Changes to physiotherapy education and student funding

There are changes taking place to physiotherapy education funding in the different UK nations.

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Growing the profession across the UK

The background to these changes is that there is a shortage of graduate physiotherapists. Many services across the UK are currently finding it difficult to fill vacancies. 

The demand for physiotherapists is growing, for example, with the role out of MSK first contact physiotherapy roles in primary care. 

So more physiotherapists need to be trained.

Changes to student funding in England

The Westminster government is introducing changes to the funding arrangements for physiotherapy education and students in England from 2020/21.

The government has confirmed that all new and continuing students enrolled in an eligible pre-registration undergraduate or postgraduate physiotherapy course at an English university from September 2020 will be eligible for at least £5,000 of the new financial support package.

Extra payments worth up to £3,000 per academic year will be available for eligible students depending on their individual circumstances. For those studying physiotherapy, this could include £1,000 of financial support to help with childcare costs. 

The CSPs' view

The CSP has welcomed the changes and pushed for clarity on but warned that there must be no reintroduction of the caps on the numbers of students funded. The caps on places until 2017 resulted in significant undersupply of physiotherapy graduates. Government has also confirmed that there are no current plans to cap the number of physiotherapy students who can receive funding.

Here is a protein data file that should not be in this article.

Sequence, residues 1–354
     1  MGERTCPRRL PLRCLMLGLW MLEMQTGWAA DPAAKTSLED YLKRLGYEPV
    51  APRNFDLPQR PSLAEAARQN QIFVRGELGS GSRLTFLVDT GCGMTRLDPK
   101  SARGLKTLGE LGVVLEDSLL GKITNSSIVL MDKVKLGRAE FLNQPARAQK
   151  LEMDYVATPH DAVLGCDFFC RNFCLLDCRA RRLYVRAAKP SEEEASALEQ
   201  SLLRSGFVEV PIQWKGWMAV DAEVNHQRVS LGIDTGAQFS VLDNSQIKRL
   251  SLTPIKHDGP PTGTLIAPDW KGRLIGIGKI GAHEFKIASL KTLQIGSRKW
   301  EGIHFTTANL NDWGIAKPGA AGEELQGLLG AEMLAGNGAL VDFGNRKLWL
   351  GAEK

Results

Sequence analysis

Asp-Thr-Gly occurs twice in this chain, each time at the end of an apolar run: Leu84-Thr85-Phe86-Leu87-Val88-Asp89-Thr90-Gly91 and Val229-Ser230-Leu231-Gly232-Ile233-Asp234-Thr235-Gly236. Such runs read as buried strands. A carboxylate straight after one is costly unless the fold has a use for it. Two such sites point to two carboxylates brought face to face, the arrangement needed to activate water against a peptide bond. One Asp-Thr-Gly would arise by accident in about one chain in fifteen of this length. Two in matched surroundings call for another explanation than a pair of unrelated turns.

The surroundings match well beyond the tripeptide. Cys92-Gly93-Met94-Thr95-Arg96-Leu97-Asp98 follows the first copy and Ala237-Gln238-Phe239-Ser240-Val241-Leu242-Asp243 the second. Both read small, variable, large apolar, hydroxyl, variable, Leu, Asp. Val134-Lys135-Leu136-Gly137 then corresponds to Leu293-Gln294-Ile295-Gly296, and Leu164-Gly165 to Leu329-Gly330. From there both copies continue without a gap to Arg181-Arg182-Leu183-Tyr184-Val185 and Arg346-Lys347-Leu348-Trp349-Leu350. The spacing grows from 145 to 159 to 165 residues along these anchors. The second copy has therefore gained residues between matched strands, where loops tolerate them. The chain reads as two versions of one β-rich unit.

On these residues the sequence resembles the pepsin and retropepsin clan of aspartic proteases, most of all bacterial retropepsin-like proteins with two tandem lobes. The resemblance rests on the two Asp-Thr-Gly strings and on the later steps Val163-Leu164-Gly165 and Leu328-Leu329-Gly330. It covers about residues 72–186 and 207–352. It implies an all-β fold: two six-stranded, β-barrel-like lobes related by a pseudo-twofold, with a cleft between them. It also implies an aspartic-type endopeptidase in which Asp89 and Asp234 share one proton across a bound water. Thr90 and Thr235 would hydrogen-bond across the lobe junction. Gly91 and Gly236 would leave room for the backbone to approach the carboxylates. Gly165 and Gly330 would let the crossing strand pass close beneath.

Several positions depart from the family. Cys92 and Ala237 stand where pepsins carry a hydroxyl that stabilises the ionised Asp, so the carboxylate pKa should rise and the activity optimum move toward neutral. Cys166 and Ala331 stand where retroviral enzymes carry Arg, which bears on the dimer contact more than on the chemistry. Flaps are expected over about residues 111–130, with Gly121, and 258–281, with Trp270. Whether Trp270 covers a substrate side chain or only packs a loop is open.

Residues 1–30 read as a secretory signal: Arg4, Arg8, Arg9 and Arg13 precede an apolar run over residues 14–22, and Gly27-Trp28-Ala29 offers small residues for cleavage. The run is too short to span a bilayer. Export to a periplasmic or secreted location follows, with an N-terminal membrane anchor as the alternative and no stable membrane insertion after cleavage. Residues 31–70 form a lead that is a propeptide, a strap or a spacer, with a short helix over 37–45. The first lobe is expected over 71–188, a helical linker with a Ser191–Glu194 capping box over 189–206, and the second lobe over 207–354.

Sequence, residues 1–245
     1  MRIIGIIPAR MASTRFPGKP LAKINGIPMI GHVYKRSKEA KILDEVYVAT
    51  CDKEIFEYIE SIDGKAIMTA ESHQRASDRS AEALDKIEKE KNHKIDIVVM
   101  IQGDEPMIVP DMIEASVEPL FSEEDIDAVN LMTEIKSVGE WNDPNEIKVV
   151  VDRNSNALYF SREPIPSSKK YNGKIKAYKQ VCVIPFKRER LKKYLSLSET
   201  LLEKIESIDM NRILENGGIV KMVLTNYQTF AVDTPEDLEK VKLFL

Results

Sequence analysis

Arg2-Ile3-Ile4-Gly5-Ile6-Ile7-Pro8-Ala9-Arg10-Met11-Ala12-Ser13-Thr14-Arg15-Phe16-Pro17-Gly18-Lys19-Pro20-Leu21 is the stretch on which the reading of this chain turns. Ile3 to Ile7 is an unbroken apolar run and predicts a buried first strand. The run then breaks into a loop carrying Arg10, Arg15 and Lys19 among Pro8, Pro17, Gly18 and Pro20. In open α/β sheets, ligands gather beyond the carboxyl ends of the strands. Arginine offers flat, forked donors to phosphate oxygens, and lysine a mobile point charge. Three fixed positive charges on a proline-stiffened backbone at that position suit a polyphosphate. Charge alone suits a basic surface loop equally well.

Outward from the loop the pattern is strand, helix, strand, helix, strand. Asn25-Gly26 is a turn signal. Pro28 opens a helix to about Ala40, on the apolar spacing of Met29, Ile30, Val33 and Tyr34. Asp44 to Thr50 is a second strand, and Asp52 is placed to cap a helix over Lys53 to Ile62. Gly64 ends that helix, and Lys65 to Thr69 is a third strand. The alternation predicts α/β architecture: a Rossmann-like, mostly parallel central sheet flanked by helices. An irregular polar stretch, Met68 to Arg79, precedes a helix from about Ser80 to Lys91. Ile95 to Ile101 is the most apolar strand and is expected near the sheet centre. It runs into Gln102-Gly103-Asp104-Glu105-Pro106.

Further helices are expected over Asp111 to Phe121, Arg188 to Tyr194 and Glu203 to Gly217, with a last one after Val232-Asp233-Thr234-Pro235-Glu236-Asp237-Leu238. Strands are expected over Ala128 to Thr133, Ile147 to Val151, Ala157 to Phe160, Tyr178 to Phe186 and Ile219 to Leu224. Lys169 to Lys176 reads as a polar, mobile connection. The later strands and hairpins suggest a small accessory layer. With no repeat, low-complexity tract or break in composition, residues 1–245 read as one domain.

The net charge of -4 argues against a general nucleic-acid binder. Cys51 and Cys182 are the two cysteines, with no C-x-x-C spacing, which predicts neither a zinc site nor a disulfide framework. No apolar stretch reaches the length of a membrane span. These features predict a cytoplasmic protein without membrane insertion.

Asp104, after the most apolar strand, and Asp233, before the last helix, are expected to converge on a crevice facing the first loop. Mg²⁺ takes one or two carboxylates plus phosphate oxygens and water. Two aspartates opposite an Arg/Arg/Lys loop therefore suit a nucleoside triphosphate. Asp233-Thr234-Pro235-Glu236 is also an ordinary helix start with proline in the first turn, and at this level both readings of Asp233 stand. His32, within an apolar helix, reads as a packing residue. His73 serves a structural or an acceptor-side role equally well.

Information on this page will be updated as implementation of the proposed funding changes becomes clearer.

Changes to student funding in Wales

In 2017 the Welsh government confirmed the continuation of the NHS bursary scheme arrangements for physiotherapy and other healthcare students entering pre-registration programmes in Wales in 2017/18.

It has proposed that these include tie-in conditions, which means that some graduates may have to pay back the bursary if they take up a position of work outside of Wales following graduation.

CSP response

The CSP has welcomed the continuation of the NHS bursary scheme in Wales, but has serious concerns about the tie-in conditions and the impact this could have on CSP members.

We have raised these concerns with Welsh Government through the Workforce Education and Development Service (WEDS), and asked for clarity on a number of issues.  

    Funding in Scotland and Northern Ireland

    The systems for funding physiotherapy education are different in Wales, Scotland and Northern Ireland.

    The planned changes affect only England, but the we will monitor the impact of change in all four countries.